It’s March, and she and I are on a road trip. We live in Spokane, Washington, and we’re driving into Idaho: Lake Pend Oreille, which is 150 times smaller than Lake Michigan, yet somehow deeper, at 1,152 feet. Morgan is strapped into the child carrier in my back seat, and her processor might already be stocked with these figures. I’ll know next week, on her first birthday, when her speaker switches on and she can tell me. Maybe that’s why we’re taking this trip, so she’ll know there’s more to the world than the data your company gives you. Or maybe I’m just like Dad, worried my baby’s got all the answers while I don’t.
There’s a public beach in the town of Sandpoint, but the place is too busy. Humans – or what look like humans – are everywhere, in their winter coats, casting fishing lines into the water. I don’t need them judging us, so I keep heading north, out of town, and curl us around the top of Lake Pend Oreille. I get a funny itch to veer toward Canada, to find a patch of water unspoiled by human eyes, but fantasies like that are just a stall. I’m nervous. Edgy. I glance in the mirror and see Dad’s obsolete eyes staring back at me, so I pull immediately to the shoulder of the road. The lake is barely discernible through a row of trees. This is the spot. I gather my daughter from the back seat, hold her tight in my arms, high-step through the weeds and trees, and I’m standing on the shoreline. Mountains loom across the lake, watching, but we’re hidden from human view. I was expecting sand, but I find millions of tiny rocks instead. I kick my shoes off, and the reality of their sharpness thrills me. The water is black and smooth.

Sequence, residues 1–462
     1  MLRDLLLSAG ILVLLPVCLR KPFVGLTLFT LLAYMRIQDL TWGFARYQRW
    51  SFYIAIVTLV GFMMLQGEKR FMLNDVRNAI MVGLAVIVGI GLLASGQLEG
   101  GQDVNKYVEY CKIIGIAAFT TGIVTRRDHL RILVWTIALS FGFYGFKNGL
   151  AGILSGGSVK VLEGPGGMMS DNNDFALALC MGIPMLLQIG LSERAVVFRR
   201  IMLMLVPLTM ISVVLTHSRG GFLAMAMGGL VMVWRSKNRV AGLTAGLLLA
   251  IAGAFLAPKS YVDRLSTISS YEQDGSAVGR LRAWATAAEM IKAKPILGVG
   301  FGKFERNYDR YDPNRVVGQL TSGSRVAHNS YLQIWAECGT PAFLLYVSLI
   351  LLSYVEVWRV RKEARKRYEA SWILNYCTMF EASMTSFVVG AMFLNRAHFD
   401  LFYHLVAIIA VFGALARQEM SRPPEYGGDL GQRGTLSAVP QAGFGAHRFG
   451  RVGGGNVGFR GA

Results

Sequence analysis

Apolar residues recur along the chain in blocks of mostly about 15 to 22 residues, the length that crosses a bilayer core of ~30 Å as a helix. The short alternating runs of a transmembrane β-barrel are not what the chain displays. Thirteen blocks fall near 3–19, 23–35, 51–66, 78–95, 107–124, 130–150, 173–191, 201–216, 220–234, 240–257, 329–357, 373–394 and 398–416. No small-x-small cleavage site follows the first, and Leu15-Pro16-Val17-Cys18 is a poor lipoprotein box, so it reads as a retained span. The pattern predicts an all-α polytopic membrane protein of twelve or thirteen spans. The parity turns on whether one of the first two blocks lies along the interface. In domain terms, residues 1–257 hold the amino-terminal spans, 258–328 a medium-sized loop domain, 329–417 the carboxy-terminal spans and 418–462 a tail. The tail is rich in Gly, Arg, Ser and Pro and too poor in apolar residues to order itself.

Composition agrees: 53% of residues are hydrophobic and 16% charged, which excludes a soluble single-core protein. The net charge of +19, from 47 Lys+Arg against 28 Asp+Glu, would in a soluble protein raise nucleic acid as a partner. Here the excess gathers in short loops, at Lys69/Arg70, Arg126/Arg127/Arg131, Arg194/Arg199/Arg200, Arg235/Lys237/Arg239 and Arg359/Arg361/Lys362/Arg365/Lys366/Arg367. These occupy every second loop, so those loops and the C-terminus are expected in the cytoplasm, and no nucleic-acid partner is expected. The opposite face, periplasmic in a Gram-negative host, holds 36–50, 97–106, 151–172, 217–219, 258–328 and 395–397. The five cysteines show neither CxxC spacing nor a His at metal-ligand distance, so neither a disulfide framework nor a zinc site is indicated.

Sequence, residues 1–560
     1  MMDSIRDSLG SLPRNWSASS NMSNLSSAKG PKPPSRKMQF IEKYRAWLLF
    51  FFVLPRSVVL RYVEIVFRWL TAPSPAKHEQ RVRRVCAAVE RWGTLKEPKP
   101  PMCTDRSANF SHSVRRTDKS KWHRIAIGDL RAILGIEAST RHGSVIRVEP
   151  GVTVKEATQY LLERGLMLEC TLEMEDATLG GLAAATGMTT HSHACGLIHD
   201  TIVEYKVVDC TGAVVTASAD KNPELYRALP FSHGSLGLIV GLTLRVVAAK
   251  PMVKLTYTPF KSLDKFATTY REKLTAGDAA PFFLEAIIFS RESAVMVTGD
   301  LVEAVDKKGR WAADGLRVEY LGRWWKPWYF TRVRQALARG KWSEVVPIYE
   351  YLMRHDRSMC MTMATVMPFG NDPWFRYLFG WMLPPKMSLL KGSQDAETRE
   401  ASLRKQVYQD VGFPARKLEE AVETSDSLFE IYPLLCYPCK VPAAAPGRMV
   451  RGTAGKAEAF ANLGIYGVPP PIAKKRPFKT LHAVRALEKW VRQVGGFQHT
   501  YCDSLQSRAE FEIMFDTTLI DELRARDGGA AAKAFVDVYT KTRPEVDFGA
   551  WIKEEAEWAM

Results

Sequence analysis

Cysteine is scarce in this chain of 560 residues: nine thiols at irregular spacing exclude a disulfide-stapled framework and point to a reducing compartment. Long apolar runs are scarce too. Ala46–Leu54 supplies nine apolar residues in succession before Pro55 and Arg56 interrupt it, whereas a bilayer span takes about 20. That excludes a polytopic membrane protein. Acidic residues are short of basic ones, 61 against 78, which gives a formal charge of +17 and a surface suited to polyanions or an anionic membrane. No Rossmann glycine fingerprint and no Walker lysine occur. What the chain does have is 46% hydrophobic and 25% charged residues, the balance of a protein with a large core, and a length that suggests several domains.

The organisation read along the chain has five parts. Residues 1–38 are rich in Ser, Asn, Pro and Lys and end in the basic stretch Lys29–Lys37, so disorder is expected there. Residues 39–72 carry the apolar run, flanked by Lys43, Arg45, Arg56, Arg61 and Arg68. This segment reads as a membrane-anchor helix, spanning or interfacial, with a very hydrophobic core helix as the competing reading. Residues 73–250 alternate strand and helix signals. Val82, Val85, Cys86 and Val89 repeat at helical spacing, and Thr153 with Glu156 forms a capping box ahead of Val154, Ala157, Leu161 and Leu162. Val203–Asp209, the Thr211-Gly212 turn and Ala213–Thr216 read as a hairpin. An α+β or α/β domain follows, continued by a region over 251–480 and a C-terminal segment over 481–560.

“I did a little research, Mo,” I whisper, “and some people believe a monster lives down there. The Pend Oreille Paddler. What do you think?”
I take my initial step. I go in up to my knee. The water’s freezing, but I feel stronger for it. With another step, my bellybutton is glowing beneath the surface. I realize I’m holding my daughter up near my head, as if to protect her from the water. That’s not why we’re here, so I submerge her legs. Her eyes go wide, and her mouth reaches toward mine, chewing, like a human who’s tasted something that can’t be processed. Or she’s trying to tell me something –
“Keep your eyes open,” I say.
And we’re in.